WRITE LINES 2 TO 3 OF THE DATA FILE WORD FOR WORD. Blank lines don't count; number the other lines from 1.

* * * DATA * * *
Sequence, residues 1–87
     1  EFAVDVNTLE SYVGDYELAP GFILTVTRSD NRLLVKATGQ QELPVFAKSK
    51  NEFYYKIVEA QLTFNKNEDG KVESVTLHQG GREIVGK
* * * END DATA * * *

     1  EFAVDVNTLE SYVGDYELAP GFILTVTRSD NRLLVKATGQ QELPVFAKSK
    51  NEFYYKIVEA QLTFNKNEDG KVESVTLHQG GREIVGK